Greg Ogden, in his book Unfinished Business: Returning the Ministry to the People of God wrote "It has been broadly observed that the first Reformation of the early 1500s placed the Bible in the hands of the people and that the Second Reformation will place the ministry in the hands of the people." This is occurring in churches across the country, especially in those served by bivocational pastors.
In a bivocational setting there is a lot of ministry that will not get done if the pastor is expected to do it all. There simply isn't enough time. By definition, a bivocational pastor has another job. It may be a part-time or full-time job, but in either case this pastor is not always available to do "church work." In my experience I have found that in healthy bivocational churches members of the congregation are willing, and even expect, to minister when the pastor is not available.
However, returning the ministry to the people is not merely a pragmatic action because the pastor is not always available. It is the biblical model for ministry. Unfortunately, for a variety of reasons we have not emphasized the ministry of the laity for the past several decades. As a result we have perpetuated an unhealthy family system.
Ogden explains, "In the healthy family, the goal of parents is to grow children into responsible, self-initiating, caring, and serving adults. The church, on the other hand, has more often that not viewed the role of pastor as parent and the people of God as dependent children who need to be constantly cared for. As a result, the children remain perpetually children."
He goes on to note that too often the church and the pastor have entered into an unhealthy conspiracy of dependency which has been equally unhealthy for both. Pastors are burning out and leaving the ministry at frightening rates, and churches are continuing to decline in attendance, finances, and impact on their communities. It is vital that we rediscover the equipping role of the pastor and the ministry role of the congregation.
How would a pastor go about equipping his or her congregation to do ministry?
- Begin by casting the vision for such ministry. Be sure to begin with the why before you go into the what or some people will think you're just trying to get out of work. Because the church has operated in the old, incorrect model for so long this initial phase will take time in most churches.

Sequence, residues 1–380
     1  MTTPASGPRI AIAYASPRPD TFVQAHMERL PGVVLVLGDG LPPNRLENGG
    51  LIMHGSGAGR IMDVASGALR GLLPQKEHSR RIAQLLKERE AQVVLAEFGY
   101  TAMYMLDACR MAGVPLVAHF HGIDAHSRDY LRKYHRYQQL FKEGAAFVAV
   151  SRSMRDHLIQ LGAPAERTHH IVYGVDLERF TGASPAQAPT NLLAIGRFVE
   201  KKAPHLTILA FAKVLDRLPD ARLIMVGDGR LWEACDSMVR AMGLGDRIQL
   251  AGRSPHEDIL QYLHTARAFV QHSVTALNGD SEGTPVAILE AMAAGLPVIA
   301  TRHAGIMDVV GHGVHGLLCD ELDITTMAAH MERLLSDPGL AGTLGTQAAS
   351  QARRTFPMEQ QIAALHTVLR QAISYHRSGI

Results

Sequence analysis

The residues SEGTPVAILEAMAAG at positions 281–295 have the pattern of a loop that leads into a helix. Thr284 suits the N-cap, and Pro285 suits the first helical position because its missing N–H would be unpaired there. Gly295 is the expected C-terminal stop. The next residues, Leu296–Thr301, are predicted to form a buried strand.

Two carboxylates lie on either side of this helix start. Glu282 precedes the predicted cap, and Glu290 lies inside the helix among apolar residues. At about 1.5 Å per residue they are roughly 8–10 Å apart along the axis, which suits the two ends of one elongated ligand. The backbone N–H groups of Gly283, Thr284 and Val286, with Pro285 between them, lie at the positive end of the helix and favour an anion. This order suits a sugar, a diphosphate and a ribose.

- Change your role from teacher/caregiver to that of a coach. This may be a difficult change for the pastor, especially one trained in seminary for a very traditional form of pastoral ministry.
- Train your leaders. Ogden suggests a pastor should spend 80 percent of his or her time with 20 percent of the congregation who has the greatest ministry or leadership potential. I agree with this. In the old model we often spent 80 percent of our time with the 20 percent of our congregation who had the most problems. We need to reverse this.
- Help people identify their spiritual gifts. There are numerous surveys to help you do this. Challenge them to work most in the areas where God has gifted them.
- Model ministry to those you are equipping. Invite them to go with you and participate in various ministry activities. In time, you will be able to send them to minister to these needs. In fact, they will be able to take others with them to help develop them as ministers as well.
- Demonstrate your trust in them as ministers. Believe in them. They may not do things the same way you would do them, but that's OK.
- Do not underestimate the desire of the church to want to go back to the old way of doing things. Remember, it's what they knew for decades, and there is always a pull to return to what we've known. Don't allow that to happen. Keep this vision before them. Celebrate and publicly recognize those in the church who are doing good ministry.